In his summer statement yesterday, Chancellor Rishi Sunak unveiled an unprecedented level of employment support to assist the country's economic recovery from coronavirus.

Among the measures announced was a slash in VAT for the hospitality and tourism sectors ­— a 15 per cent reduction for food outlets, accommodation providers and attractions.

Effective from next Wednesday (July 15), it covers food, accommodation and attractions, but will not apply to alcohol.

In the wake of the news, the County Press has been talking to business owners in the hospitality sector to gauge the impact.

"We're probably going to do some midweek deals, just to help people spend in our direction," said Pete Booth of the Travellers Joy, in Northwood.

"We might do a couple of two-for-ones ­— we're going to look through our menu and try to decide on what we're going to do.

"It's exciting times, potentially ­— if it's encouraging people to get out and about again, and at quieter times in the day ­— Monday and Tuesday lunchtime is normally pretty quiet."

Asked what measures the government could take to further boost the hospitality industry, Pete suggested an extension to the 'eat out to help out' scheme.

The new policy will mean meals eaten at any participating business from Monday to Wednesday during August will be 50 per cent cheaper, up to a maximum discount of £10 per head.

Read more here.

"August time is still summer holidays, so the tourist trade is still there to a degree," said Pete.

"But if it was to be extended into the winter months, when everything dies off and goes really quiet, you'd get locals taking advantage of that offer, which would help.

"It's not been busy, but it's been steady here.

IW CAMRA chairman John Nicholson said: "It's a very brave move­ and it should be a real boost to the industry.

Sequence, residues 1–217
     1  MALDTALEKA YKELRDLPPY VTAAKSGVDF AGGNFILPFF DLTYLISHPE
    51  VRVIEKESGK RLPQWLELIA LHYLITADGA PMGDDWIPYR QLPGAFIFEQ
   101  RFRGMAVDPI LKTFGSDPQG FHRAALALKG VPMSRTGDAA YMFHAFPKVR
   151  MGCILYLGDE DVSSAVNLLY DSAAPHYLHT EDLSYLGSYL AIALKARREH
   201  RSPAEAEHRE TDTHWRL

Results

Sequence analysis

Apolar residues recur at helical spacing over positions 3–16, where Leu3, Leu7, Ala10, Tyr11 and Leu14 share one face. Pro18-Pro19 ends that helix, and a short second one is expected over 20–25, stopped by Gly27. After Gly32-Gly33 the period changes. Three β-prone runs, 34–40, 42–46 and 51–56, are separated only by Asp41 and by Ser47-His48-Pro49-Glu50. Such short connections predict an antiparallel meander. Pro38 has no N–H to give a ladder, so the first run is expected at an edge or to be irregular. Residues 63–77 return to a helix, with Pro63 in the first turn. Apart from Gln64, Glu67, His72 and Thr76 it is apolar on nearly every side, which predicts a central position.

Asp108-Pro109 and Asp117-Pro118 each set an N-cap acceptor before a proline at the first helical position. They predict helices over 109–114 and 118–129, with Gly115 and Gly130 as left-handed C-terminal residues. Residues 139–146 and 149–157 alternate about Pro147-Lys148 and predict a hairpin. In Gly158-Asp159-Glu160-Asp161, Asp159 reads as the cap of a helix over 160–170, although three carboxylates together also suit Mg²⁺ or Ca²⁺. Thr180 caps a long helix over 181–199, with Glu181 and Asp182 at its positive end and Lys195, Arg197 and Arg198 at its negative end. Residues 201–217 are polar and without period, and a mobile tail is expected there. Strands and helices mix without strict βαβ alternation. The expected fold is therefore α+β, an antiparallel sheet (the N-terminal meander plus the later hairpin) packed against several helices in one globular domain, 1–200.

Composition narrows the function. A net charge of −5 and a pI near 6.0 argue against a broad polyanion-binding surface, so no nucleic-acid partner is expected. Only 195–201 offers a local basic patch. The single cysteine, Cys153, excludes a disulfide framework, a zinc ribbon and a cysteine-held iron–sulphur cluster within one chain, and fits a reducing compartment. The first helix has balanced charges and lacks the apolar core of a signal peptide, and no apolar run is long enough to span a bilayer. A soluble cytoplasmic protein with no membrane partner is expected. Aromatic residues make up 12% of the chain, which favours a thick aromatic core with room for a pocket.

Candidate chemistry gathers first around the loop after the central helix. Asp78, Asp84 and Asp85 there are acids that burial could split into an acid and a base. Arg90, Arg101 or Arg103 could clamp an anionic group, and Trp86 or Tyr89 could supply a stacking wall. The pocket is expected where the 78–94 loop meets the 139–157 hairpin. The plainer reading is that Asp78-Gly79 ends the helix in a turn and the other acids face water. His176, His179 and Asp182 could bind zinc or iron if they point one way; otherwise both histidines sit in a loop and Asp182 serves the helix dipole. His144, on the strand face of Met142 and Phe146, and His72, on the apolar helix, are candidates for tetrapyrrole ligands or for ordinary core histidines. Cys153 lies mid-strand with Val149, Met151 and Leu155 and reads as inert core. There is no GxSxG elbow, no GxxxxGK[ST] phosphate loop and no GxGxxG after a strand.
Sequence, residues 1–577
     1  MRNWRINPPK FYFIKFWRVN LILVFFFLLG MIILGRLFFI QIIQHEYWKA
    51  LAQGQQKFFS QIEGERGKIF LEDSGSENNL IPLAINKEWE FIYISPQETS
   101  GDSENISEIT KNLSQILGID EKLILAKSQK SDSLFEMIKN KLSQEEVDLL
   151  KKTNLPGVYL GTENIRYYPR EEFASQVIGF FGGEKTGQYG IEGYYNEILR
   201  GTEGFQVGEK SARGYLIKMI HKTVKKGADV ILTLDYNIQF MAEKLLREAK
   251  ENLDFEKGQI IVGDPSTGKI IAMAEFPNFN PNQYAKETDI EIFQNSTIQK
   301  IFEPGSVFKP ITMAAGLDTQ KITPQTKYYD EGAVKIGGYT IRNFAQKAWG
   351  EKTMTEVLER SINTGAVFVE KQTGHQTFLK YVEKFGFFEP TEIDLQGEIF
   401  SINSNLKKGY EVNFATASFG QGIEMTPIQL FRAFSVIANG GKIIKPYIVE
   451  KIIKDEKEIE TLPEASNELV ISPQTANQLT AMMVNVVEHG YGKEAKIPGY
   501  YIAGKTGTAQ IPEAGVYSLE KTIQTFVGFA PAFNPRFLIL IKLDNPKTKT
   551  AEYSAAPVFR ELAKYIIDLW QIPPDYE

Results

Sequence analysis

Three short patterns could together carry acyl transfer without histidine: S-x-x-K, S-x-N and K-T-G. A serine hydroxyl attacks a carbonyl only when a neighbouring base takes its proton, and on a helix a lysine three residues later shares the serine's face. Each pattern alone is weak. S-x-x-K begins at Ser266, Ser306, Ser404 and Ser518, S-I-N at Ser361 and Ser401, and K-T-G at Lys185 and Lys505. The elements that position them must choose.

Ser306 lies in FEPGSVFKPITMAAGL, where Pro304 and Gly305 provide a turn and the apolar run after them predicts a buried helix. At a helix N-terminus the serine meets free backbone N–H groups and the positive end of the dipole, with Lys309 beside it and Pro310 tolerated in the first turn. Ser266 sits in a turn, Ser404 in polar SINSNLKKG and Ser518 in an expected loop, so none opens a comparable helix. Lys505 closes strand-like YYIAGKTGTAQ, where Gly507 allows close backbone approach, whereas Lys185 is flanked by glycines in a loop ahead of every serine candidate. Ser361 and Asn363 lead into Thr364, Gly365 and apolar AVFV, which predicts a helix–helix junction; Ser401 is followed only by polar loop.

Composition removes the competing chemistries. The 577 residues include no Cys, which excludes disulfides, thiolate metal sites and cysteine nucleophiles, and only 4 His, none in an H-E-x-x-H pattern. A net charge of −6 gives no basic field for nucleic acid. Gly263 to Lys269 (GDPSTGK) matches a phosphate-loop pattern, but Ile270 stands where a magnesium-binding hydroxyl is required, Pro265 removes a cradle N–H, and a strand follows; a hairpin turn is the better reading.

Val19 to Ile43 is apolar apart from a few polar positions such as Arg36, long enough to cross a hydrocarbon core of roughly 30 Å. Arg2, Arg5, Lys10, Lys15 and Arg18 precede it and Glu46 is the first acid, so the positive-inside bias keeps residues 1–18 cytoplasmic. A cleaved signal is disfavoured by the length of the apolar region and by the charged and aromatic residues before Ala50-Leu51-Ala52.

"It's a green flag for people to go out. What we need now, really, is for the large pubcos to also match it somehow.

"We all know the way they charge on their premisses, and in many cases, the poor landlord barely scrapes a living.

"I think they really have to prick their social conscience and do something to help get the wheels moving again.

"We were very successful on the Island at stopping the spread of the virus because everybody bought into it.

"What we now need is for all these pubcos to start helping.

"I'm in business myself, I'm not against anyone making a fair profit, but not profiteering.

"You still hear stories of pubcos that have merely deferred the rent while the pubs are shut down.

"They might have a business clause that allows them to do that, but is that morally right?

"It's greed. We've all got to work on this together."

While the announcements may be music to the ears of most, some businesses might see little to no benefit.

Among those is Graham Perks, of The Volunteer and Perks of Ventnor, who says the measures won't do his businesses all that much good.

The Volunteer doesn't serve food, and Perks of Ventnor won't be serving for two or three weeks.

"Anybody that doesn't serve food isn't going to really benefit from any of it," said Graham.

"Some landlords will use it to try to recoup some of their losses.

"I think it'll be survival of the fittest come winter.

"It's tricky times for all pubs ­— you struggle to earn a living now.

"You get up in the morning, and you think 'am I going to make any money today?'"

"The government and councils have ripped off the license trade for years.

"It's coming home to roost now, because so many are closing, and every time one goes they say 30 jobs are lost.

"In England, it's got too expensive to go out for the night.

"If you're taking your partner out for the night, you need £100 in your back pocket.

"Whatever the government does is a help, but there's still going to be loads of pubs closing, I think."

Will Myles, managing director at Visit Isle of Wight said: "I welcome the announcement. I've been working with our MP, Bob Seely, and hospitality businesses on this very issue, and we wrote to the tourism minister a month ago pushing for this change.

"While it is for a period of six months, I would hope and push for it to be extended to include 2021, which would assist our Island businesses even more when they need it most."